Nervous parents hamstring resumption of school feeding programme

Despite the department of education being ready to comply with a court order to ensure for 9.2 million children countrywide are fed, parents who fear they could get infected with Covid-19 are apparently preventing them from collecting their meals.

Last month the North Gauteng High Court ordered the immediate resumption of the National School Nutrition Programme (NSNP) for all 9.2 million children who depend on it, but nervous parents have been hamstringing rollout.

The Department of Basic Education, however, is confident the situation will improve in the coming weeks.

A report Education Director-General (DG) Mathanzima Mweli filed with the court last week stated the department was “ready to implement at full scale” but highlighted low turnouts to collect food so far.

“Provinces reported that learners that are not phased in do not support the programme as intended to cover whole school provision of meals or the [collection of] food parcels at school,” it read.

“Due to fears of Covid-19 parents do not not allow learners or learners themselves do not collect.”

The report was filed in accordance with a supervisory interdict issued with last month’s order, in terms of which the department had to file detailed plans to resume the NSNP – as well as regular updates on its progress – with the court.

This off the back of a legal battle between Equal Education together with two Limpopo schools and the department, over the suspension of the NSNP back in March.

Basic Education Minister Angie Motshekga in May announced the phased re-opening of schools and with it, the resumption of the NSNP for all qualifying pupils.

She later backtracked, however, saying initially only those pupils who were actually attending school would have access to the NSNP, prompting the court action.

Judge Sulet Potterill was scathing in her ruling, labelling children “categorically vulnerable.”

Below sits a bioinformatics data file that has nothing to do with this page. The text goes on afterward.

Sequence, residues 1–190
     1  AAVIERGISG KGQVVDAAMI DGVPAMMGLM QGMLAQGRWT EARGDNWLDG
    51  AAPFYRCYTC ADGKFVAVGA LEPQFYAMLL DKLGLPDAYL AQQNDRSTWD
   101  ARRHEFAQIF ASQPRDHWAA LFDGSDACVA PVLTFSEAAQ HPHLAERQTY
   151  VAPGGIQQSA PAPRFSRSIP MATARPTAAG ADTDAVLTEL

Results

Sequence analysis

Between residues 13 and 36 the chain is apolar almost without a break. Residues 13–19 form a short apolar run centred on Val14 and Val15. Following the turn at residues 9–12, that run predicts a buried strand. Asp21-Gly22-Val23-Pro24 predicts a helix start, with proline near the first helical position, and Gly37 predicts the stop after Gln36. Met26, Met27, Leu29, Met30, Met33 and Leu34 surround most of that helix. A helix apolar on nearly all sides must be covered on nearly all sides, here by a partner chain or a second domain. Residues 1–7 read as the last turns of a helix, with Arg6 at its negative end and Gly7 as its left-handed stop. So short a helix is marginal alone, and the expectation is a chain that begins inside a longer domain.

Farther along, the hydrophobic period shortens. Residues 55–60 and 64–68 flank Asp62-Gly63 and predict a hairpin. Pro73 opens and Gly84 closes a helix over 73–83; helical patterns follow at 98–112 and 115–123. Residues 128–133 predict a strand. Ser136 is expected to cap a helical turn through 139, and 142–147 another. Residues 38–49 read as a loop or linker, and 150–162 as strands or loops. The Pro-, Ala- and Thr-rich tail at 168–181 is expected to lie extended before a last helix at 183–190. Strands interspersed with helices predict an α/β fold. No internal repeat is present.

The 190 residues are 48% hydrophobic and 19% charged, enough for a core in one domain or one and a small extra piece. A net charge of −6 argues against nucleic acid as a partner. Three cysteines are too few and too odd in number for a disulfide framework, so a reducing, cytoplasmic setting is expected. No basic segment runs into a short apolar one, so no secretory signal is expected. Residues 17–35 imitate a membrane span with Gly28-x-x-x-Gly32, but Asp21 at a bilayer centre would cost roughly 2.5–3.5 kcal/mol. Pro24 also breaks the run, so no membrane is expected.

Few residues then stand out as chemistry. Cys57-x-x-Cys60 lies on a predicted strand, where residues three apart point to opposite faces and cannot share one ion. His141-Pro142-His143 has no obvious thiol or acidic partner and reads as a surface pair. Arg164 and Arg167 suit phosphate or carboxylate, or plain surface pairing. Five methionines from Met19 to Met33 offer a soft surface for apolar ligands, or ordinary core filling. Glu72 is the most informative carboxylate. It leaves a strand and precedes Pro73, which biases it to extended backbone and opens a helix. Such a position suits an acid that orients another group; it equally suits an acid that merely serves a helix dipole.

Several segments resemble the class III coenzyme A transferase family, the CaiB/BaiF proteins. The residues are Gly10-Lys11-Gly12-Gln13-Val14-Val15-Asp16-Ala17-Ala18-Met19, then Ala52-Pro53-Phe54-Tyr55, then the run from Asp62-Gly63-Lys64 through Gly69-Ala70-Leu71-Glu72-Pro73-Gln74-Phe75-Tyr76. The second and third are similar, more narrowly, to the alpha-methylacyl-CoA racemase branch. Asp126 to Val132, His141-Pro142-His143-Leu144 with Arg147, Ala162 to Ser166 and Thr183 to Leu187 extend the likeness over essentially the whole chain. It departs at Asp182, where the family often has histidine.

“Poor hungry children are exceptionally vulnerable,” she said. “The degree of the violation of the constitutional rights is thus egregious.”

Equal Education, together with the Equal Education Law Centre and Section27, in a statement earlier this month criticised the first plans filed and said they were “not detailed enough to guide the roll out of the NSNP.”

The most recent report provided additional detail, indicating from late July to early August some 1 232 834 children were fed across Gauteng, the Western Cape, the Free State, Mpumalanga and the North West. This reflects less than a third of the 3 815 008 children who qualified for the NSNP in these provinces.

In Gauteng, only 8% of the 1.5 million children who should have received food via the programme actually did.

No data was received for the Eastern Cape and the data received for the Northern Cape only reflected the number of children fed on one day during the period in question. Meanwhile, the data received for both KwaZulu-Natal and Limpopo incorrectly reflected the number of meals served during the period – 2 347 406 and 1 595 165 respectively – instead of the number of children fed.

In the Free State, the report said parents seemed “reluctant to send learners to schools” and this was resulting in food wastage.

In addition, the province was experiencing challenges with social distancing and mask wearing. Some schools were also not able to feed children due to a lack of water; there was “constant closing” due to infections; and there was no learner transport to ferry children in far-flung areas to and from school to fetch their food.

In the North West, meanwhile, the report said if pupils did not collect their food then schools might be forced to stop preparing it for them in order to avoid wastage. This, however, only as “a last resort.”

Departmental spokesperson Elijah Mhlanga said today that the DG would be meeting with the provinces again from Wednesday and an updated report was expected by the end of the week.

“The situation is going to improve as more learners return to school and we anticipate that we will be able to feed more learners in the coming weeks,” Mhlanga said.

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Angie Motshekga

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